That would be killing your own product.
See my point? And it really does not matter if its just support you pay for or additional tools, functionality and such.
There is always something (Or a bunch of things) that a paid product does better then a free version.
Why else selling it? otherwise they might as well sell hot air.
 

Nikos751

Level 17
Verified
Feb 1, 2013
910
Ohh yes there is generally nothing wrong with free antimalware, its better then nothing and good enough for a general level of protection.
And no I do not think you are wasting your resources as I mentioned earlier in my posts.
As I said it really comes down in what you require, know about and feel comfortable with.
It gets the job done... mission accomplished right?
Mission accomplished, you are one of the most knowledgable persons here without being half-educated on security related things.
 
D

Deleted member 178

If n.nvt and Littlebits are correct, VMs do not represent real live machines well enough because the virtual system doesn't have the same level of access to the machine's resources, meaning the AV also doesn't have access to all the resources it needs to work properly. Is that correct? Because this would mean that so many users here doing VM tests are just doing little more than playing a type of video-game: it's cool to watch, but doesn't belong to real life.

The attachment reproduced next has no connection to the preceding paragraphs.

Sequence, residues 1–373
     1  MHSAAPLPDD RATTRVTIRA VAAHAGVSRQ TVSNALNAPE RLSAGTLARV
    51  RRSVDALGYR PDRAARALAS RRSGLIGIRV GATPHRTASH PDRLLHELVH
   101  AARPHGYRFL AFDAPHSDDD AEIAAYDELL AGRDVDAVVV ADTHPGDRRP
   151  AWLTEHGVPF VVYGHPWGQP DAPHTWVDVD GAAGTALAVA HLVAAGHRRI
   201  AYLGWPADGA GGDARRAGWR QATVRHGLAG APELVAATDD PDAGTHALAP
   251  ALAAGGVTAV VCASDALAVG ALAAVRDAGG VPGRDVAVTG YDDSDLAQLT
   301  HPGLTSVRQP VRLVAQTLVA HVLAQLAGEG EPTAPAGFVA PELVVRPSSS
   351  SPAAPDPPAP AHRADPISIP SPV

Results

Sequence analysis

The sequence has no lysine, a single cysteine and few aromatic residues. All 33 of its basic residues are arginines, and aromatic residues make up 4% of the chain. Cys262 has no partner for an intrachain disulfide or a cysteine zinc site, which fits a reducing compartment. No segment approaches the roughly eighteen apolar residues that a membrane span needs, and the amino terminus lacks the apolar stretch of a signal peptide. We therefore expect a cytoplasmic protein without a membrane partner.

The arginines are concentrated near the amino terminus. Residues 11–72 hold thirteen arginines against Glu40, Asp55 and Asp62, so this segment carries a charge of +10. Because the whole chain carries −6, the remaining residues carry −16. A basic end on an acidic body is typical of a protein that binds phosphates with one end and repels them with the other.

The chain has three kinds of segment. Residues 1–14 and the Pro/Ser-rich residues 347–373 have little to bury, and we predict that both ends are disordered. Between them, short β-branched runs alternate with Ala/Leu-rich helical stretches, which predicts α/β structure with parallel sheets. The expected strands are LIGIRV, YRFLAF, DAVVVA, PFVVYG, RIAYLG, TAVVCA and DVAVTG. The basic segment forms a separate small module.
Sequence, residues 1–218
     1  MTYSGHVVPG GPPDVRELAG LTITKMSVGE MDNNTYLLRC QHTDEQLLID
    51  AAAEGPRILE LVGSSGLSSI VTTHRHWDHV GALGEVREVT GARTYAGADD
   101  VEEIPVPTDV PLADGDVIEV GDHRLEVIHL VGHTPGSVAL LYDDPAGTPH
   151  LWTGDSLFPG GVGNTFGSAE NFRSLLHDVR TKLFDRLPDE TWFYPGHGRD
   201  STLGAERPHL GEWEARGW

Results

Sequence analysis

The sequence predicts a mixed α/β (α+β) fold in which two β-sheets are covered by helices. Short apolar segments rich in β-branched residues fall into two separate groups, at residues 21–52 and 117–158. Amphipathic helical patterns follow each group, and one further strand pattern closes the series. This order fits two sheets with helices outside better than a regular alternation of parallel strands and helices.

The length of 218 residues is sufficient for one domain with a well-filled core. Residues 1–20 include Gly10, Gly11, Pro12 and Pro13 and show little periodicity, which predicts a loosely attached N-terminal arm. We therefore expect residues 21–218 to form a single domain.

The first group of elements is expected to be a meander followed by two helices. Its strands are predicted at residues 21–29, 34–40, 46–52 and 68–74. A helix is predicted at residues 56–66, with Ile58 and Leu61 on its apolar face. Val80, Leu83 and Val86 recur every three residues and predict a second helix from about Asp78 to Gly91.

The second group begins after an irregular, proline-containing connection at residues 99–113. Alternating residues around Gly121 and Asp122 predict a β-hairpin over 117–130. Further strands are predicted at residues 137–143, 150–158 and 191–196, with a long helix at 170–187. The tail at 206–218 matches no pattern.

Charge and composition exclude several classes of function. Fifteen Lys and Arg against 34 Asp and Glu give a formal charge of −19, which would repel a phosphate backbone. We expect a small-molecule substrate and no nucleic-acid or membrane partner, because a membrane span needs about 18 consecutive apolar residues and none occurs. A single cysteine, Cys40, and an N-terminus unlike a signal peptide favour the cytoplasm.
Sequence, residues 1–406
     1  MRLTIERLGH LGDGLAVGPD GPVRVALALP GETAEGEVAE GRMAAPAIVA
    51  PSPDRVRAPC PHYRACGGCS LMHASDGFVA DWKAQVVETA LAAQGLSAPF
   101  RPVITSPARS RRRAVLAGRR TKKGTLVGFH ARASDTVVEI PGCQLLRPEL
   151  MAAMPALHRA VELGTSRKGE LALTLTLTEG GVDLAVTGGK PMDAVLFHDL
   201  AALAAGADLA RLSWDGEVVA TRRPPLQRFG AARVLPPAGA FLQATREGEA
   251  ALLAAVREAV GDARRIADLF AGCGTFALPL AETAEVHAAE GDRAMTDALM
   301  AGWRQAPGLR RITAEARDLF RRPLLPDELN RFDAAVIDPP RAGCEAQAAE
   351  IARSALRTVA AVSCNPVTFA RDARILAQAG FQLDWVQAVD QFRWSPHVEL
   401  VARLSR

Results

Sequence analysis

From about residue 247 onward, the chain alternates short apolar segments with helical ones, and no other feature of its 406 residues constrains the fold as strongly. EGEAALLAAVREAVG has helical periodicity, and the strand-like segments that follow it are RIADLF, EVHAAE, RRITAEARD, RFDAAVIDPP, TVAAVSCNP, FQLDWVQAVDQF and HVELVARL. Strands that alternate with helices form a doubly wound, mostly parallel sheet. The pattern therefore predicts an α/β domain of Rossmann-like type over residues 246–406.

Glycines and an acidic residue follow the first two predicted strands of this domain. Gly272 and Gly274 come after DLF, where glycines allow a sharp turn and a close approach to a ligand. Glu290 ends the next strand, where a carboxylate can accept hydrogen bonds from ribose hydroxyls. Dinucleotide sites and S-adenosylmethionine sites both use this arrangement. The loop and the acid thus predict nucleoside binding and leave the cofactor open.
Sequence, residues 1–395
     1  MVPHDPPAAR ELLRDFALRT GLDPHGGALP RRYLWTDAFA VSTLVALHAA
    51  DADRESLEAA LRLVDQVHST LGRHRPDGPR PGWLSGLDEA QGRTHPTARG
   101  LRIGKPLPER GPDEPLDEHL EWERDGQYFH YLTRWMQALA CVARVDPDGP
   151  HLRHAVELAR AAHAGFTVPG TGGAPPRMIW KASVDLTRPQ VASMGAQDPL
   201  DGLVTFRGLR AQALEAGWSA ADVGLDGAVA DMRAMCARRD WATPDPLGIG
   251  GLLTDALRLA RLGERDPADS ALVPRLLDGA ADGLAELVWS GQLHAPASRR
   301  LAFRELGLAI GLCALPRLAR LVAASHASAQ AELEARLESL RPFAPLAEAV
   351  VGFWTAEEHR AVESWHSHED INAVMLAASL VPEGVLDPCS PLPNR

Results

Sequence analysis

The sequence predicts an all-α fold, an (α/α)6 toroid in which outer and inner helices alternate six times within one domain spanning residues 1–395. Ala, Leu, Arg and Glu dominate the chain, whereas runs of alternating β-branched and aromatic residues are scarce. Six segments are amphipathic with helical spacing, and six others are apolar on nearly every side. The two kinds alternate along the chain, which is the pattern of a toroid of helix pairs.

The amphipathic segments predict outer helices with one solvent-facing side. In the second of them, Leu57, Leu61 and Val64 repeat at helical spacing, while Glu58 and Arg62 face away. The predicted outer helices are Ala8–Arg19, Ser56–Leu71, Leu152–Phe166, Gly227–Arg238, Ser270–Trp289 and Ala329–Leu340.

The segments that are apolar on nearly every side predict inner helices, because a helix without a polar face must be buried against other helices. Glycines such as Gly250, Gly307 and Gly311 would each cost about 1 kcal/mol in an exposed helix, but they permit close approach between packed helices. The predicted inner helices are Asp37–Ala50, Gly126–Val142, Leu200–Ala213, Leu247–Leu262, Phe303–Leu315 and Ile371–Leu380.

exact, some AVs features, even can't work as they should in VMs so unaware "wannabe expert-testers" think that the solution is bypassed.
when i did virus-testing , i always used a old spare REAL system, to truly measure the real potential of the solution. VMs approach real system but they ARE not real system; the nuance is very important.

Another thing I would like n.nvt to clear up is the difference in trial vs. paid. Is the difference only the obvious time limit or is the protection level diminished as well?

depend the solution, but mostly it is just time-limited so you can judge the product effectiveness. Trialware are made to give you a taste of the product so you may purchase it, where Free softs is just to gain more audience and maybe potential paid-customers.
 

Nico@FMA

Level 27
May 11, 2013
1,689